HP Outsources Outsourcing To EDS
HP has been trying to grow its IT services business for years, without a lot of success. Will the acquisition of EDS let it better compete with IBM for big contracts?
It was to have been the deal that would vault Hewlett-Packard into IT services' big leagues: A 10-year, $3 billion contract to manage tech operations for no less a customer than global consumer products giant Procter & Gamble.
"We're popping a few bottles of champagne around here," HP services chief Ann Livermore told InformationWeek in 2003, when the deal was struck.
More Services Insights
- The Untapped Potential of Mobile Apps for Commercial Customers
- How business continuity consulting can help you modernize your current DR plan
- Building a Business Case for Service Management & Automation
- Dimensional Research: Selecting the Correct SaaS-based IT Service
That was five years ago. HP has had little success since then parlaying the victory into more big contracts. It turns out the company's legendary garage shop DNA didn't come with an outsourcing gene. CEO Mark Hurd tacitly admitted as much Tuesday when he announced plans to abandon efforts to grow HP's also-ran services business internally and buy Electronic Data Systems for $13.9 billion.
"This fulfills our strategic objective of expanding in the services area," said Hurd, during a conference call.
Under the merger plan, EDS CEO Ron Rittenmeyer would lead a new organization called "EDS -- an HP company" and report directly to Hurd. Livermore would continue to oversee what's left of HP's Technology Services Group, but she's not likely in a mood for more bubbly.
In one stroke, the deal would create the world's second largest IT and business services company, next to IBM. The combined services revenue for EDS and HP last year was $38 billion, compared to $54 billion for Big Blue. HP's EDS unit would house 210,000 employees.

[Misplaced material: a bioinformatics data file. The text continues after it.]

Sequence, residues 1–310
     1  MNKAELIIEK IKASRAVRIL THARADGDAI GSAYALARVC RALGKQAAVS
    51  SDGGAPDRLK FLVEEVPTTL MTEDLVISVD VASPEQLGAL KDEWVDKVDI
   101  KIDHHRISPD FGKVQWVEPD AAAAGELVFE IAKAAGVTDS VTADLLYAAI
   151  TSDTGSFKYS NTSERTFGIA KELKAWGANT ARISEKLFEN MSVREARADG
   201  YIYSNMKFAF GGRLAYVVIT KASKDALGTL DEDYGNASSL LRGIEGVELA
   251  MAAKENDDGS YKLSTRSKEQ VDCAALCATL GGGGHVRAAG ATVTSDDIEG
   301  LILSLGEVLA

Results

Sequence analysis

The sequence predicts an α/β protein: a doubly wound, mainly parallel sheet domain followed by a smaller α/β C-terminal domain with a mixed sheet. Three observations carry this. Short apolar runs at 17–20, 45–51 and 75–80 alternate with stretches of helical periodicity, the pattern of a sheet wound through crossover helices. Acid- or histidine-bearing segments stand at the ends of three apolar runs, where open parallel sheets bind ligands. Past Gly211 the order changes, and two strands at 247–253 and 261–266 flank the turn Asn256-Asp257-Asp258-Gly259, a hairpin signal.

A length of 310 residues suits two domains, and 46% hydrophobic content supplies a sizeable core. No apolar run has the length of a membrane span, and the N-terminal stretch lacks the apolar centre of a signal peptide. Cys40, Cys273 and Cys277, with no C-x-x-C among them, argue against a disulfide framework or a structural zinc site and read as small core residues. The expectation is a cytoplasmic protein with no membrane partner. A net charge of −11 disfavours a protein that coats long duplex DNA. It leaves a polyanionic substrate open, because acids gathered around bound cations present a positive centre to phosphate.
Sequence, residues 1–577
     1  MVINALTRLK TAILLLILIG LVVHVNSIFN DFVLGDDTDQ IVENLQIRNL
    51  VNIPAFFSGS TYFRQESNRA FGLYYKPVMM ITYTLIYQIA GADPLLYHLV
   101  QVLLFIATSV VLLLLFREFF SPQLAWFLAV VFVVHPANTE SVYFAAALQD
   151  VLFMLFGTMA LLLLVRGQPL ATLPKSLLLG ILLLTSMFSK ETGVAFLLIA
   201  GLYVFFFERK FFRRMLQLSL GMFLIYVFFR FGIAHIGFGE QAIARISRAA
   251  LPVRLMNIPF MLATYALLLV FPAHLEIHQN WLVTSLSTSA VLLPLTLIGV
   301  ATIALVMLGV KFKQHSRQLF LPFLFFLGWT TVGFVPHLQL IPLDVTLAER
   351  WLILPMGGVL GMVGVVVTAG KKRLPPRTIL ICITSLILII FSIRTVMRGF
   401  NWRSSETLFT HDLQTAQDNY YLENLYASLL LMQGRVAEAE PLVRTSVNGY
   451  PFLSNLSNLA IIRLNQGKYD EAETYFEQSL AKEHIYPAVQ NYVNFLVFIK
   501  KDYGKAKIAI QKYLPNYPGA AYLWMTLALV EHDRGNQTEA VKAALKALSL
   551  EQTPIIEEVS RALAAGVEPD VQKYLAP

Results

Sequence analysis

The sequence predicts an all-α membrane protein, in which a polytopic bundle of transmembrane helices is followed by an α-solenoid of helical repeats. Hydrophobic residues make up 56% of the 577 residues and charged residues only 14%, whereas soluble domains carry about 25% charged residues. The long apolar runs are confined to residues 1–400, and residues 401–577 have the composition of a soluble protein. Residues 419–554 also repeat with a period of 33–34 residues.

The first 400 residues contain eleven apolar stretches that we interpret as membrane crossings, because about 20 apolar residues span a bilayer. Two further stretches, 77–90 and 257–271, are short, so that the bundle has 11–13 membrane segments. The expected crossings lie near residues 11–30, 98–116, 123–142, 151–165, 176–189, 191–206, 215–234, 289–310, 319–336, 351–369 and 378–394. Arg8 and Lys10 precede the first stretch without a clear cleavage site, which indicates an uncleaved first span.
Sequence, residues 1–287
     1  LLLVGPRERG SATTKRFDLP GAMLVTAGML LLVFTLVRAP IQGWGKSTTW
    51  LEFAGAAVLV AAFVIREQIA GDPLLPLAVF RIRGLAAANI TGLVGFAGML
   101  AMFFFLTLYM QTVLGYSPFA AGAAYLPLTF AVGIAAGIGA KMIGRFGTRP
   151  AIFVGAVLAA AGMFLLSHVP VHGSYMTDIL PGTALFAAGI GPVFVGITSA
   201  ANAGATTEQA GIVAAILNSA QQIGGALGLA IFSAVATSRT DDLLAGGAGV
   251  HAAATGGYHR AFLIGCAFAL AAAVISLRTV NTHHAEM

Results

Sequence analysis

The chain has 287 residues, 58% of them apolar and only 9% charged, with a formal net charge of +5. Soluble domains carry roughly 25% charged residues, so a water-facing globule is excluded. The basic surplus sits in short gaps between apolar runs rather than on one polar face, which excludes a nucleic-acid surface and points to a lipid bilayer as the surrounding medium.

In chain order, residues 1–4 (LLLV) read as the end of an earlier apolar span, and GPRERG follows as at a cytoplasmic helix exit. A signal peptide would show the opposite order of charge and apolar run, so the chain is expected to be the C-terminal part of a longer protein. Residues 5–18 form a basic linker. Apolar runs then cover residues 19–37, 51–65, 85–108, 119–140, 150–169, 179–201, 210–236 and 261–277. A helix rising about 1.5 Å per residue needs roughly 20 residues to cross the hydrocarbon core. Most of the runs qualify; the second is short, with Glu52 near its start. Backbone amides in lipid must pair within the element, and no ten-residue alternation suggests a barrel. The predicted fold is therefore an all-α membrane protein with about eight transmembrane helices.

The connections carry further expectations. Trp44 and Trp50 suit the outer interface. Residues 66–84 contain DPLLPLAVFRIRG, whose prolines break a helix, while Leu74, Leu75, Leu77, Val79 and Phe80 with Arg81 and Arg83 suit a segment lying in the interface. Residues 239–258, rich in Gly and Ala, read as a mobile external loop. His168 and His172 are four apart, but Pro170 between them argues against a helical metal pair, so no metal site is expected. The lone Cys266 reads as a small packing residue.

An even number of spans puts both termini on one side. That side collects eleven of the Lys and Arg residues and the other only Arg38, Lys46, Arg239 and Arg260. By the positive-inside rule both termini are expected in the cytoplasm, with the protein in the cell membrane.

The deal "gives us scale," said HP chief technology officer Shane Robison, in an interview. "One of the things you need in the services business is people with a lot of vertical expertise and operational expertise," Robison added, noting that EDS has a strong presence in lucrative industries such as financial services, energy and health care, as well as government services.
EDS would also give HP blue chip customers like American Airlines, Bank of America, and Royal Dutch Shell.
But can the combination of a PC and printer company with a history of treating services as a poor relation and an outsourcer that some view as an old school advocate of stadium-sized data centers staffed by legions of techies yield an organization capable of embracing new wave IT trends like cloud computing and software-as-a-service?
Hurd is optimistic. "We think the fact that we bring a $4 billion R&D stream and a research stream from HP Labs brings leverage into the business on a number of fronts," he said.
And Robison insists that EDS isn't all that sclerotic. "[EDS executive VP] Charlie Feld has been talking a lot about software-as-a-service and how to deliver more of their capabilities through SaaS and cloud-based infrastructures," Robison said.